Yale Child Study Center and Teacher Preparation Courses
The Director Emerita is on the Yale Child Study Center, Psychology and Education Studies faculties.
Theory and Practice of Early Childhood Education
The course deals with the development of curricula for young children. Goals are to deepen insights and develop critical analysis of educational programs for young children in light of current research and developmental theory. Understanding of the ongoing processes of curriculum development, creating a responsive environment, and working with families and other members of the teaching team will be a significant focus of the course.
Language, Literacy, and Play
There is a widespread consensus that play is an essential component of a developmentally appropriate early childhood curriculum. Research indicates that play enhances a child’s creativity, intellectual development and social emotional development. This course will demonstrate the complicated role that play has in the development of language and literacy skills. A major part of each topic presentation will be a discussion of the role that play has in the curriculum in enhancing each developmental area. Literacy skills include speaking, listening, attending, reading and writing. Because learning to play, learning language and learning literacy skills are all part of the process of thinking and communication, the course will provide a view which attempts to demonstrate the integration of language, literacy and play in an early childhood education curriculum. Theoretical aspects of each of these developmental areas will be examined first, and it will be that theoretical understanding which will be the basis upon which ideas about curriculum will be explored, experienced and discussed.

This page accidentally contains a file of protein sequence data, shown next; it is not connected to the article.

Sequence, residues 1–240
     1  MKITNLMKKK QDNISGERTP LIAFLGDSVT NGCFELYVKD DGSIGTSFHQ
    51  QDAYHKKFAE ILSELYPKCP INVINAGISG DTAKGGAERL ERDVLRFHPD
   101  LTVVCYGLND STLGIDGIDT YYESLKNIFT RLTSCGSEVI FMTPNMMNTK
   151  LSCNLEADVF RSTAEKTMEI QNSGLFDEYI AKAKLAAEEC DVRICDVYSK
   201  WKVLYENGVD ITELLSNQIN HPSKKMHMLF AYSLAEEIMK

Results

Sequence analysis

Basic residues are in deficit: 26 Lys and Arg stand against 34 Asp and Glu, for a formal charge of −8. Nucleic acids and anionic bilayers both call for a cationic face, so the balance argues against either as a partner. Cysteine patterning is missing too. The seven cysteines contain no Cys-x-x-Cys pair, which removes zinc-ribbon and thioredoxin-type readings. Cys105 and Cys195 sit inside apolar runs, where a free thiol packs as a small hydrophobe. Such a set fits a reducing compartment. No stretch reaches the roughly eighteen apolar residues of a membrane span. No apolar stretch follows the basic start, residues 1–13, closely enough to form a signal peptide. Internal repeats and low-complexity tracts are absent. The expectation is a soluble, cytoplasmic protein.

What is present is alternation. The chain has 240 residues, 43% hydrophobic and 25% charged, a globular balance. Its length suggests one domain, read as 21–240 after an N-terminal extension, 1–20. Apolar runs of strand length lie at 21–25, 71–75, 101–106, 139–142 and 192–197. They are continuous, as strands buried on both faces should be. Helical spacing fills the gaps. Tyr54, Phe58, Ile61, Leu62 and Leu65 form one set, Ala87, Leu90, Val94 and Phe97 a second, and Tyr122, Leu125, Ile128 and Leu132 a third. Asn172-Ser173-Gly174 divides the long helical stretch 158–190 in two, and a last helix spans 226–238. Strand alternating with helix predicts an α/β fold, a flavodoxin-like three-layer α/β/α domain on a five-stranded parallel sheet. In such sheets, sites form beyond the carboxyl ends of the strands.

The goal of this course is for students to develop a theoretical base in child development and behavior and to become sensitive and careful observers of young children. During the seminar we will consider aspects of cognitive, social, physical and emotional development. The course is taught from the perspective of a developmental interactionist approach. It gives an overview of the major theories in the field but will focus on the complex interaction between the developing self and the environment. Students have the opportunity to see how programs for young children use psychodynamic and interactional theories to inform their philosophy and curriculum. All students spend three hours per week as a participant observer in one of three Yale affiliated child care programs.